Tribunals on Trial
Dec 17, 2001, Vol. 7, No. 14 • By DAVID TELL, FOR THE EDITORS
OF ALL the myriad criticisms lately leveled against President Bush's November 13 "military tribunals" order, the most wonderful--for pure dishonesty--is the indignation expressed over the directive's alleged denigration of regular Pentagon legal work. What the president has proposed "bear[s] scant resemblance to normal military justice," huffed a New York Times editorialist last week, imagining a "shadow system . . . in which defendants can be tried and condemned to death" on the thinnest pretext. Bush's "diktat," added columnist William Safire, a "subversion of the Uniform Code of Military Justice" hatched by the "Ashcroft-Mueller axis" of Justice Department "zealots," is now being heroically resisted by "cooler heads" in the Pentagon. Already, though, our "extant system of courts martial has been besmirched," Harvard Law School's Laurence Tribe told the Senate Judiciary Committee on December 4. Besmirched!
Of course, none of these gentlemen actually knows shinola about our "extant system of courts martial," else they would not be celebrating its purported superiority over the president's "Soviet-style secret military trials" (Safire, again). Defendants charged with a non-capital offense under the Uniform Code cannot be convicted unless two-thirds of a court martial's panel members approve--the same standard Bush has established, "at a minimum," for prospective al Qaeda trials. Death penalties imposed by regular courts martial require a unanimous vote, however, and Bush has not yet promised that tribunals convened in accordance with his November 13 instructions will adopt this additional threshold, too. So . . .
So the president's critics simply assume, without evidence, that no procedural refinements will be forthcoming from the administration, that Bush does indeed intend to put "hundreds" or even "thousands" of people to death by two-thirds straw poll, and that this departure alone from the white-gloves delicacy of "normal military justice" is a self-evident breach of civilization's basic code.
The spectacle is beyond satire, really. We have a bunch of self-righteous ignoramuses invoking the Bill of Rights in defense of a "traditional" Pentagon jurisprudence that has been the bane of civil libertarians for decades.
Under "normal military justice," the right to handpick members of a court martial, who perform judge and juror roles simultaneously, is awarded to the very same officer who has accused the defendant in the first place. That defendant is permitted an unlimited number of for-cause challenges against nominated panelists, and so long as at least five people remain in the pool, his accuser is not permitted to replace the ones who get bounced. But in most cases, the prosecution doesn't want to replace excluded panelists. In a non-capital trial where the two-thirds rule applies, the prosecution wants a court martial with exactly six panelists--three of whom, fully half, the defendant must win over to avoid conviction (whereas, for example, with a panel of eleven, four votes, or barely a third, would be sufficient for acquittal). In a military death penalty case, where unanimity is required for conviction, the indefinite size of trial-court membership lends an even more forceful gravitational pull to voir dire proceedings: Eager to limit the possibility of defeat, the prosecution has every incentive to nominate panelists biased in its favor. And, desperate not to lose a single potential vote to save his life, the defendant has little or no incentive to object.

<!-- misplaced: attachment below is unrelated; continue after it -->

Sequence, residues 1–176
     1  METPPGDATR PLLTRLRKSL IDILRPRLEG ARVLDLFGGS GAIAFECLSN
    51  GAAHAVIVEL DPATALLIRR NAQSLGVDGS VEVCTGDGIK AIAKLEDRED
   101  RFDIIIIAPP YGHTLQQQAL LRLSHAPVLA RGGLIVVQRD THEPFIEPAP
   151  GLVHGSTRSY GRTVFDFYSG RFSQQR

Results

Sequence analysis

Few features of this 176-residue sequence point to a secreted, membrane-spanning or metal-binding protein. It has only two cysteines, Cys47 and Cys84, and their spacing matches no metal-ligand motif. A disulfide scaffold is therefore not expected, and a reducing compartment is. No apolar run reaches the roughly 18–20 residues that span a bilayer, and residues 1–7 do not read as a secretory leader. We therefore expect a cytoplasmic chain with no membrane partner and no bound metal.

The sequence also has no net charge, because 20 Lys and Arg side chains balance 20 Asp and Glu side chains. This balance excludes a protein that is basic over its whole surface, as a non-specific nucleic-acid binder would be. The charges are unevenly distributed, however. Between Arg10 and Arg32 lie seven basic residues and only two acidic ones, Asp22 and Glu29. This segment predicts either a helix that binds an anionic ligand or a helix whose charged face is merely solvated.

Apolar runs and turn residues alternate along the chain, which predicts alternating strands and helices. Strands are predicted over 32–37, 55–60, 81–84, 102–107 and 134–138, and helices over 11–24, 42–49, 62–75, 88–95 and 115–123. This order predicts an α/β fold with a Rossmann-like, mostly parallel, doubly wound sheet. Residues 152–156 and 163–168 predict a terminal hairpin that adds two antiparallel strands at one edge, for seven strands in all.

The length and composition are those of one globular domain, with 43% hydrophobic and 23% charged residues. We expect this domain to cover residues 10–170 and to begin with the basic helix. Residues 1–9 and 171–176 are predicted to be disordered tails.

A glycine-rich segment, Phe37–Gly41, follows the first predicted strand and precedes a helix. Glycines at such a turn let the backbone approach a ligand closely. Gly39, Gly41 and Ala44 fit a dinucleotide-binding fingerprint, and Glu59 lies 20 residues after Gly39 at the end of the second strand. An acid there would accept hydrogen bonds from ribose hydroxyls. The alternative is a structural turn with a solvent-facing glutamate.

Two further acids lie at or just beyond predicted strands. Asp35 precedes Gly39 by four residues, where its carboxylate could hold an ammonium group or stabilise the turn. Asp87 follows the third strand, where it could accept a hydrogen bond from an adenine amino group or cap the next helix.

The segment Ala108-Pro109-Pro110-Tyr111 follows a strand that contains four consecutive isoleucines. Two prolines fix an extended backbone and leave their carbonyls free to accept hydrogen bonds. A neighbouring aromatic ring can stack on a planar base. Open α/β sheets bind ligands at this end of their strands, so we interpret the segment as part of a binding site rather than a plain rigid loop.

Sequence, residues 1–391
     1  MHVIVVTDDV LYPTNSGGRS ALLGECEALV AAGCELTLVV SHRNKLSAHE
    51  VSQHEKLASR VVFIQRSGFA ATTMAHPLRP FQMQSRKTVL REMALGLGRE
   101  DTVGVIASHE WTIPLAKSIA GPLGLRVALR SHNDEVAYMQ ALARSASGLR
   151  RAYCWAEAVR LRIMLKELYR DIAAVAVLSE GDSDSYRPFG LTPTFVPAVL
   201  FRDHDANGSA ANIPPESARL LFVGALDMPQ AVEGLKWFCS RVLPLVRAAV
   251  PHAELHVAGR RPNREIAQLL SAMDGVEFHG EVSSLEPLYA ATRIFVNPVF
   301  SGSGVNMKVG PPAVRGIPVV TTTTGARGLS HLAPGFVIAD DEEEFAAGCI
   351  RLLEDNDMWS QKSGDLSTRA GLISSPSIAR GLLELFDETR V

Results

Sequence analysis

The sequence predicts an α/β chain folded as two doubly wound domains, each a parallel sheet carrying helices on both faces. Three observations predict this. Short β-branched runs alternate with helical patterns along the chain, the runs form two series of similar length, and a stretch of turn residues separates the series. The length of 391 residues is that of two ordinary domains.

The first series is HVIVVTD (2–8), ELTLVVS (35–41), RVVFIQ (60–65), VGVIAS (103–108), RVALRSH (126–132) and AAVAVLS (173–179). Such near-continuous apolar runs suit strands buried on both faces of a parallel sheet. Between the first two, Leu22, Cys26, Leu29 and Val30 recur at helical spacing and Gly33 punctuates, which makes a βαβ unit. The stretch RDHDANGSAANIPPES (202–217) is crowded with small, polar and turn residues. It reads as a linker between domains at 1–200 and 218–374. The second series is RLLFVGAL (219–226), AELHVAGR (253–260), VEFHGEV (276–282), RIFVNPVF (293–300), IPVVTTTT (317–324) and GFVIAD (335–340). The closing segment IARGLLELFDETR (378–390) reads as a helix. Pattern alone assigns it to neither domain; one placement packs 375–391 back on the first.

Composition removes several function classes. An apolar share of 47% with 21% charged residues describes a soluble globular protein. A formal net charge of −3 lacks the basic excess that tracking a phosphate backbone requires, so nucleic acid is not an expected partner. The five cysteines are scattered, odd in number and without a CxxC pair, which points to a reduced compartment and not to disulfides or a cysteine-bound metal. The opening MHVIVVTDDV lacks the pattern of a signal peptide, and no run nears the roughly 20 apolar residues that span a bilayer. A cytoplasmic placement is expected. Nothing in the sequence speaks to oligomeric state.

Interesting, no? "Normal military justice," in short, is precisely the sort of thing, under any other circumstances, that a minimally informed New York Times editorial page would be having a we-the-people conniption over. That the Times might be wrong to do so--the court martial system's peculiar voir dire rules are defensible and their constitutionality has been consistently upheld--is not the point. The point, instead, is that the Times and its fellow hysterics have nothing of substance on which to ground their complaint that Bush's ad hoc military tribunals will extend fewer due-process courtesies to Taliban war criminals than regular court martial trials provide. We would be willing to bet a large amount of money, to the contrary, that when the Pentagon does finally make public its detailed plans for those tribunals, all talk about the beauties of "normal military justice" will disappear without a trace.